The Norwegian Export Credit Guarantee Agency (GIEK) has quadrupled its offshore wind portfolio to US$453M since late 2019 and is actively seeking new business worldwide as part of its mandate to bolster participation of Norwegian exporters in a burgeoning but capital-intensive sector
State-owned GIEK manages an international portfolio of export-related guarantees that today totals US$8.5Bn. While its focus has traditionally been oil and gas and shipbuilding followed by fisheries and aquaculture, it has widened its mission to include offshore wind, and more generally banks and investors participating in large international energy-infrastructure projects.
GIEK chief executive Wenche Nistad said, “Offshore wind is really gaining momentum and is a great example of how we can actively help Norwegian industry re-channel by opening the door to new markets for existing wind expertise and other companies looking to extend their reach into green technology.”
Her message is clear. “By choosing a Norwegian supplier you can count on receiving good financing from GIEK in support of the purchase,” she said, highlighting recent contracts won by the likes of Nexans Norway, Aibel and Fred Olsen Windcarrier.
GIEK’s core offering are AAA-rated guarantees for long-term loan financing, as well as contractual delivery guarantees that protect both buyers and suppliers in case of default.
“Norway can offer triple A-rated instruments, which are a key tool in reducing the cost of project financing,” said Nistad. “We work together with commercial banks to share project risk, so loans will be repaid.” Customers pay a risk premium on competitive commercial terms.
“We have a lot of experience, especially from offshore and shipping, in participating in complex international projects involving many players and financing institutions. We are bringing that expertise into the process for offshore wind. We are easy to work with, solution-oriented and flexible.”
GIEK believes that offshore wind will be a winner for Norwegian suppliers looking to maximise new opportunities in a changing energy landscape – and as activity in offshore oil and gas is projected to slacken after 2020 amid a lack of big new finds.
GIEK blazed a trail in the sector by providing service delivery guarantees totalling Nkr1.3Bn (US$14M) towards the end of last year that enabled Norwegian supplier Aibel to clinch two big European contracts. In February, it stepped in with a third guarantee package of an equal amount, this time on behalf of Fred Olsen Windcarrier for a project in Asia. Just in recent weeks it provided guarantee coverage amounting to around Nkr1.6Bn that helped cables specialist Nexans Norway secure a major contract with the Seagreen offshore windfarm under development off Scotland.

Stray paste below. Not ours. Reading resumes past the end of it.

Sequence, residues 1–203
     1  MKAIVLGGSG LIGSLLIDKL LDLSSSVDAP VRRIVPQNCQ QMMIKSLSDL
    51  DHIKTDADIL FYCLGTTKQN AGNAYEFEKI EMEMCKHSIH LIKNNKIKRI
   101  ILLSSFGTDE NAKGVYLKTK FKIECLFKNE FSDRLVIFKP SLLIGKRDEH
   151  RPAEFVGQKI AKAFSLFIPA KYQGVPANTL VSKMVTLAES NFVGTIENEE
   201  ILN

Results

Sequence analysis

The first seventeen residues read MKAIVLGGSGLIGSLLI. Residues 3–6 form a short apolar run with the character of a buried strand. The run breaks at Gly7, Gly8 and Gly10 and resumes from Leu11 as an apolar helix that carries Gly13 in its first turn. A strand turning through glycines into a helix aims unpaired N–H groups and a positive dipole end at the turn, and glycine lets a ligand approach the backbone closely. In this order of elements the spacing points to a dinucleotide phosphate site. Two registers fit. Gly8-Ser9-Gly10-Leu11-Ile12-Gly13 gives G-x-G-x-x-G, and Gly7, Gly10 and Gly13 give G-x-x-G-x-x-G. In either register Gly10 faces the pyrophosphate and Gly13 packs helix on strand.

More projects are already in the pipeline, and GIEK is keen to hear from project owners and their banks worldwide. “We have high capacity and we are ready to take on a lot more business in this sector,” said Mrs Nistad.
“GIEK contributed financially to the development of a number of projects where we have supplied cables. This has been of great support to us as an exporter of Norwegian competence and technology to the global market,” said Nexans Norway chief executive Ragnhild Katteland.
The Fred Olsen Windcarrier deal involves a GIEK guarantee for a loan in Taiwanese dollars from Taiwanese banks. The Norwegian installation specialist will use its jack-up ships to install turbines on the 589-MW Changfang and Xidao windfarm off the coast of Changhua County.
“The GIEK guarantee strengthens our position as a key supplier to offshore wind projects in southeast Asia, and we hope to win more contracts in the region,” said Fred Olsen managing director Even Larsen.
Aibel is typical of Norwegian offshore equipment suppliers that GIEK is looking to support as they exploit new opportunities in wind. In December, the company clinched an engineering, procurement, construction, installation, and commissioning (EPCIC) contract to deliver two converter platforms with jackets for the Dogger Bank mega-project in the UK zone of the North Sea.
GIEK’s participation has been decisive for Aibel. The company’s chief executive Mads Andersen said, “It’s really important because guarantee requirements are higher in the European wind market than the Norwegian offshore market. This segment is much more demanding.”
In terms of risk capital, GIEK financing serves to extend the capacity of banks. “We can provide guarantees to anyone involved in putting together a wind project, and we are very competitive compared to what is available internationally,” Ms Nistad said.
What can GIEK provide in terms of capacity? “We do not calculate an amount based on a mathematical model. The rule of thumb is basically, the more you consider buying from Norway, the more you can count on getting guarantees from GIEK,” she concluded. “And right now, offshore wind has huge potential.”